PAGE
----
**LZ Betty is located south of Phan Thiet. We did not visit because the area supposedly contains buried ordinance, grenades and mines left over from the war. What was at one time a narrow ditch beside the runway has now eroded into a huge canyon, potentially exposing some of the ordinance. There is also talk of “quicksand” in the canyon. So we stayed away. Others, however, have braved the area and have the photos to prove it (along with photos taken circa 1968-1971). See LZ Betty, Rolando’s Photos, Currahees and the Battle of LZ Betty. For photos of Phan Thiet during the war see Photos & Notes of a Very Personal War (Let the page load and scroll to the bottom to see a large collection of photos. Warning – there are some shots of deceased VC soldiers.)

The Thoughts I Carried

7 November 07

I’m currently working on a bibliography project, two 10 page research papers, a cataloging assignment and a 5 page librarian interview project. I figured it is the perfect time for some glorious procrastination, wherein I share with you my thoughts on my recent trip to Vietnam.

Maybe it is a bit of a stretch for me to say “my recent trip to Vietnam”, since I only spent about 3 hours in Saigon and 12 days in one beach town. I should say “my recent trip to the Saigon airport and Mui Ne.” Obviously, I cannot make any sort of generalizations about the country or the people, since I saw so very little of the actual country. Still, I am absolutely certain that Vietnam is a place I would love to return to. The little that I did see I enjoyed.

I grew up with Vietnam very much in my awareness. Not the real Vietnam, but the Vietnam of Oliver Stone and Tour of Duty and China Beach. (None of which were actually filmed there.) War movies and TV series about Vietnam were among my favorites. Who didn’t love Platoon and Good Morning Vietnam? (You can buy a t-shirt with those words emblazoned on it at any souvenir shop.) That episode of China Beach when nurse Colleen (Dana Delany) was kidnapped by VC and forced to perform a chest tube insertion on an enemy soldier inside an underground tunnel…well, let’s just say I’ll never forget it. That could have been the subconscious reason I became a nurse. (I also watched a lot of MASH, but don’t confuse me with Hot Lips Hoolihan!)

Some of my favorite books are In Country by Bobbie Ann Mason (which doesn’t actually have any scenes set in Vietnam, but features the daughter of a dead vet.) and The Things They Carried by Tim O’Brien which made Freshman American Lit class infinitely more interesting. People of my age were not even born during the war, but we grew up with all the war imagery.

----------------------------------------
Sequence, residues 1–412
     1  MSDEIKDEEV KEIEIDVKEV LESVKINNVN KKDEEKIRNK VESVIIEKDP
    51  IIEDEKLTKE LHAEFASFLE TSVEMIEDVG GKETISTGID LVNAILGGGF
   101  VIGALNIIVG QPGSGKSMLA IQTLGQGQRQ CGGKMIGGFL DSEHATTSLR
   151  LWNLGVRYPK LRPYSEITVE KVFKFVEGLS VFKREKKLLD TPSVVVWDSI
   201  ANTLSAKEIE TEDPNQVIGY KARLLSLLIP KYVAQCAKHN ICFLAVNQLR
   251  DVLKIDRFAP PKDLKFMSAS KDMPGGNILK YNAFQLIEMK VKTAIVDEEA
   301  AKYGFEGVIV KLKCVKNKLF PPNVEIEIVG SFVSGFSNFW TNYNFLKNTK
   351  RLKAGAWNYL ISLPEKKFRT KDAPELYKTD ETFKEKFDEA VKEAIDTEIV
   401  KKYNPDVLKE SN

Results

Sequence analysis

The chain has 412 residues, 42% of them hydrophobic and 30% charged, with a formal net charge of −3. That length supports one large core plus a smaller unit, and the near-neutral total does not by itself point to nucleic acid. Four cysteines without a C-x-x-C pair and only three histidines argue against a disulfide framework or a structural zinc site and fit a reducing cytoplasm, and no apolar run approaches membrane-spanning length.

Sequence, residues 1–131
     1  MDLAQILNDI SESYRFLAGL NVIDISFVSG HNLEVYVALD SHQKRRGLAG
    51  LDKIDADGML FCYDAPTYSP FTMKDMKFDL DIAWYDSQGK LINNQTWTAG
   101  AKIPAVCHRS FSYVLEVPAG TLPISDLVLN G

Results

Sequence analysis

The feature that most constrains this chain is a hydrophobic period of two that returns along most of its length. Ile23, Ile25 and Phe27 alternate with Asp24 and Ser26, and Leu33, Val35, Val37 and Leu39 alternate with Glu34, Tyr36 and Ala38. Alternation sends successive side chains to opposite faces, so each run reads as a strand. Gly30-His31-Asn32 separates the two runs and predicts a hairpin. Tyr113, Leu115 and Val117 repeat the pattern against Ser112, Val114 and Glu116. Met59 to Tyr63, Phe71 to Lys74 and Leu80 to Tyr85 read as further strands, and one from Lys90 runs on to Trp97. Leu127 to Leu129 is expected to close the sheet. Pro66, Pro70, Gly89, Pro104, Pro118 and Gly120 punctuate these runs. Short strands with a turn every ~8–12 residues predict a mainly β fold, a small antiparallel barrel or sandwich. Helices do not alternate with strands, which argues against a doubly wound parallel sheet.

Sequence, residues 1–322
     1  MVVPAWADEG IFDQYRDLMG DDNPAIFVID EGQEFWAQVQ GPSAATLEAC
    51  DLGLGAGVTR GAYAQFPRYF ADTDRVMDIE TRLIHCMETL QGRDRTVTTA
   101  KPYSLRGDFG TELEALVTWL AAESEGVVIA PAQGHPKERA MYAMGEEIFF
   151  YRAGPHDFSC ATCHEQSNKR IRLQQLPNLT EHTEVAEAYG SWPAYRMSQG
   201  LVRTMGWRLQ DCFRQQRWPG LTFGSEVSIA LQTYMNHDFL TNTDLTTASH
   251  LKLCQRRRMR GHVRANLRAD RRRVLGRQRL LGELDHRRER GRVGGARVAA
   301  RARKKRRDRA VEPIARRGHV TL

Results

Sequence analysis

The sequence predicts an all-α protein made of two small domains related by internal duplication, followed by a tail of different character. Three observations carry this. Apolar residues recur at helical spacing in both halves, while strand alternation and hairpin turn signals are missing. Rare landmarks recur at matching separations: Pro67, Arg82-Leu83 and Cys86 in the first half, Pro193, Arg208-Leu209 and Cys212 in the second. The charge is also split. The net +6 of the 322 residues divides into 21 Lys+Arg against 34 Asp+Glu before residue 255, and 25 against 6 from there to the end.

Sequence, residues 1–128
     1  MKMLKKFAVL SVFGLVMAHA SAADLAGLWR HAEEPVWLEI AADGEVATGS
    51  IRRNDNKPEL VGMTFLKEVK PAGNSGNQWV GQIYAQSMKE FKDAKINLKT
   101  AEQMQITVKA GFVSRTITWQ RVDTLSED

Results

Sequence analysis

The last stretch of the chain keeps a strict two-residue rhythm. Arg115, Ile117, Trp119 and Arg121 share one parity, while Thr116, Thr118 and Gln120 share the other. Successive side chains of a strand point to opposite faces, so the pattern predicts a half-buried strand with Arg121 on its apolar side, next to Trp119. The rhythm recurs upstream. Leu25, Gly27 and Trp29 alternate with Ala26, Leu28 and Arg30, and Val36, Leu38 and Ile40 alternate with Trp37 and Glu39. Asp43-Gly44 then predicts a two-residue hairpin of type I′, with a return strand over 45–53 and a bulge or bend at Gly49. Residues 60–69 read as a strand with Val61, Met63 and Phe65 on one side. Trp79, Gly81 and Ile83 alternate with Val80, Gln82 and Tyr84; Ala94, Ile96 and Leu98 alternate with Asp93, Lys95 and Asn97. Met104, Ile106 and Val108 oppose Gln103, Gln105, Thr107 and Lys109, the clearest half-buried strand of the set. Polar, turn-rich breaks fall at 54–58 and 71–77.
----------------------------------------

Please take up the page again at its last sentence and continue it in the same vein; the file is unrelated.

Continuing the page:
So it was with these images in mind that I entered the country. And perhaps the only things that I recognized were the conical hats, long flowing Ao Dais, the thick lush countryside and the proliferation of old US Army jeeps. (Jeep-guts!*)
MS Word is calling me… More on Vietnam at my next work break!

Read journalist Ron Gluckman’s reports on Vietnam, including war tourism.

*A family joke

How About a Vacation?

30 October 07

Just imagine it is a Sunday morning. You are drinking coffee, reading and preparing to spend the next four days in relative isolation, writing grad school papers. The phone rings. It is your husband.

“Hey Heather, what are you doing?” he asks. You notice he seems strangely upbeat. He is at work on a Sunday, after all, he’s supposed to be bummed.

“Just studying. What’s up?” you reply.

“Don’t stress or anything, okay?” he says. Don’t stress? He knows you’re stressing at the mere mention of the word “don’t…”

“Okay…”

“You wanna go to Vietnam?”

“Yeah. We talked about it and I do want to go. Why?”

“We’re leaving this evening.”

“What?!”

“We have two weeks of vacation. I just found out.”

“AAAAAAAaaaaaaaaarrrrrrrrgggggggggghhhhhhhhhh……..tickets! visas! packing! where to go! guidebook! short notice!!…papers to write! aaarrrggghhh”

24 hours later you are on a plane from Shanghai to Ho Chi Minh City. Two backpacks packed. Rush visas in hand (just barely!). Tickets bought over the phone. A flight into Shanghai during a typhoon survived. Papers written on airplanes, in taxis and on trains.

At 4AM you find yourselves in the Ho Chi Minh City airport. You thought you were unprepared for the trip to Cambodia last year, but now you realize you had everything planned to the last detail. Upon arrival to HCMC (hereafter Saigon, as most people refer to it anyway), you realize you have no guidebook, no phrasebook, no names of any hotels, no map of the city, nothing. All you know is you want to go to Mui Ne beach and there might be a train there.

At 12PM you are having lunch overlooking the ocean.

You have to admit that it was really easy. Maybe there is no need to plan ahead? Maybe you should just throw the guidebooks out the window?

I Need Some Time

26 October 07

This readjustment is difficult.

It is too painful to go from this view:

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Jibes – on Mui Ne Beach, Vietnam

To this:

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Foggy morning in Linyi, China

 

At Work Again

22 October 07

How quickly two weeks pass!

I’m back at work today, although my brain is still in Vietnam.

I have another paper due tomorrow, so I won’t be back until all that pesky homework is done.

As for the free wi-fi on vacation, it was indeed great, but I felt more drawn to the beach and the under-palm-tree-lounger than I did to updating the blog!

Now from Vietnam

10 October 07

Aaaaaahhhhh. It is so refreshing to be able to blog freely and surf the Internet without special proxies. It is so amazing to sit under a brilliant blue sky and chug fresh fruit juice. It is so cool to be blogging on the beach…in Vietnam.

We are at Mui Ne beach, close to the small city of Phan Thiet, a few hundred kilometers north of Ho Chi Minh City. It is supposed to the kitesurfing capital of Vietnam, but so far the wind has been weak. 😦 No matter. The view is gorgeous. The food is delicious. The people are friendly.

Wish you were here!

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Lounge chair view

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Full Moon Resort

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Room view

 

More soon… (free wi-fi is a beautiful thing!)

Operation Babylift

11 September 07

Do you remember where you were in 1975? I wasn’t even born yet! But if you were, do you remember the evacuation fights airlifting children and babies out of war torn Vietnam?

I’ve got two plugs:

Operation Babylift – a film by Tammy Nguyen Lee that tells the story of the operation and what became of the babies – the adopted children brought to America. The trailer alone had me in tears.

And a book, After Sorrow Comes Joy, that tells the story from the perspective of the author – a young nurse and mother who went to Vietnam to assist in the orphanages and was intimately involved in the babylift operation, who herself adopted 3 children and went on to work in adoption in India and Vietnam.

For those who lived through that era, or who want to know what it was like.

Hat tip to Preya at Dreaming of Hanoi!